It all started when I ran into a hermit at a party.
Turns out it’s not as incongruous as it seems. “I’m a hermit, not an anchorite,” Friar Rex patiently explained. (I heard his name, initially, as Friar X, which was beyond cool.) He’s a diocesan hermit in the Franciscan tradition–a new-as-of-the-late-80s canonical expression of consecrated life in the Church, one that developed While I Was Away. (See Canon 603.) Diocesan hermits profess vows of poverty, chastity, and obedience to a diocesan bishop, not a religious superior as with religious who live a common life. They live alone (that’s the hermit part) but not cloistered from the world; a number of them, I was delighted to learn, blog and have Facebook pages. Diocesan hermits may choose the form of spirituality with which they order their prayer and work lives. Friar Rex, who had been a member of an Anglican Franciscan community (I did know about those), was naturally drawn to continuing in the Franciscan vein.
My questions prompted Friar Rex to ask, possibly facetiously, whether I might be feeling a call to this form of life. (My friend Michael hastened to interject that before I answered I should remember that there’s a big difference between being a hermit and being a hoarder.) I laughed then. The next day, I started reading some hermit blogs, and cried. It sounded like home, and I was sandbagged with unexpected and unwarranted nostalgia. I recognize that feeling. It’s God’s way of reminding me that my soul needs tending. So not a call, I later emailed Friar X, but certainly a tweet of sorts.
In response, I started looking for a spiritual director (like a personal trainer for the soul; imagine Jillian from The Biggest Loser in a wimple). Didn’t get far with that, but stumbled over a course in Deep Prayer to begin the next day–Ash Wednesday–at the Transfiguration Center for Spiritual Renewal in Ludlow Falls, a place of peace located in a nature preserve about 30 minutes north of Dayton. So now I am spending my Wednesday mornings in the wonderful company of a band of fellow pilgrims led by two Secular Carmelites, who are like dive masters preparing us to explore the depths of contemplative prayer in the tradition of the saints of Carmel–Teresa of Avila, John of the Cross, Therese of Lisieux, and others–while keeping us from getting the spiritual bends. I knew about Carmelites, but not much about their particular charism and spirituality, so this is new and wonderful to me.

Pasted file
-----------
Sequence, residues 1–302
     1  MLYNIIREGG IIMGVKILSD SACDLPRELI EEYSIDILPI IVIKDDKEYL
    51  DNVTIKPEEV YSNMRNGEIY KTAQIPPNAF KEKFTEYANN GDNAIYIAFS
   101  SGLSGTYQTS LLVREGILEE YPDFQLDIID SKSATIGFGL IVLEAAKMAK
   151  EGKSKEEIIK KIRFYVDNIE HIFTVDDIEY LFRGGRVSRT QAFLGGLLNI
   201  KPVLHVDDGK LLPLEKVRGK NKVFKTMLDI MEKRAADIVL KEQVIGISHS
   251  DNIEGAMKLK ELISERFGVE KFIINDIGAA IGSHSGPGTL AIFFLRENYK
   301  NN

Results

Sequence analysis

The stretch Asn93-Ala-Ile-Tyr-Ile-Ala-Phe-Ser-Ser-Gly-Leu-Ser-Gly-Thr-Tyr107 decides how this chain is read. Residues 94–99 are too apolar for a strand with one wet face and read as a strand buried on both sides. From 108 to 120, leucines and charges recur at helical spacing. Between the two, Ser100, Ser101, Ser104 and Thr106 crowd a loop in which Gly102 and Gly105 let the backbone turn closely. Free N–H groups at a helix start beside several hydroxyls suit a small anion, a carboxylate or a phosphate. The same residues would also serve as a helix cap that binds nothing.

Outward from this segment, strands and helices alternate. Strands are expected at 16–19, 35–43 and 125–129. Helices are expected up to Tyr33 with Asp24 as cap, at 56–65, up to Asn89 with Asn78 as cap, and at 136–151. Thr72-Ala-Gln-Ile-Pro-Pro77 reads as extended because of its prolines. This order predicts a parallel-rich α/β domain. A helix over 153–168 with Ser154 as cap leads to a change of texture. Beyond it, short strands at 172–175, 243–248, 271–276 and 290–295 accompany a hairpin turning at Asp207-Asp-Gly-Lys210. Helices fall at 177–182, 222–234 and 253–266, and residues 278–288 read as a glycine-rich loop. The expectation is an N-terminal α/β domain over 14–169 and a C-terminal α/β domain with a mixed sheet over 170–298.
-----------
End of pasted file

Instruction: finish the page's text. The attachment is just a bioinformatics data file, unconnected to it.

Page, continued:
On the way home, I started to see the road signs and landmarks as additional reflections on this Lenten journey. I crossed the Stillwater River, and thought of Teresa’s use of waters as metaphors for the stages of prayer. I laughed to see a handmade sign, on the gate of a hog farm, reading TEMP OUT OF MEAT. Lent, of course, is Temp (Time) Out of Meat, when we say goodbye to the fleshy carnival for a space to feed the spirit. Deep prayer, too, is a kind of being “temporarily out of meat”–out of the dailyness of the body, transcending time and space and weight and worry. Indeed, the whole business of being in the meat or out of it is threaded throughout our human history of returning to Union.
In the ancient myth of the goddess Inanna’s descent to the underworld to retrieve her dead sister, the language is shocking. The dead are “sacks of meat,” hung on hooks like the carcasses of slaughtered hogs. Without the life of the soul, flesh is empty. But we are more than sacks of meat, and it took the limitless Godhead’s willing deep dive into flesh–the Incarnation, literally, the “coming into meat”–to remind us how far down the highway we had strayed from the original Union. And how to get back.
I am deeply grateful to have found my way this Lent, by GPS (God’s Powerful Spirit), to backroads and byways so full of meat for the soul. I look forward to passing through Union–of flesh and spirit, action and contemplation, hermitage and highway–for a little bit longer each week, exploring even farther afield.
I’m not an anchorite, after all!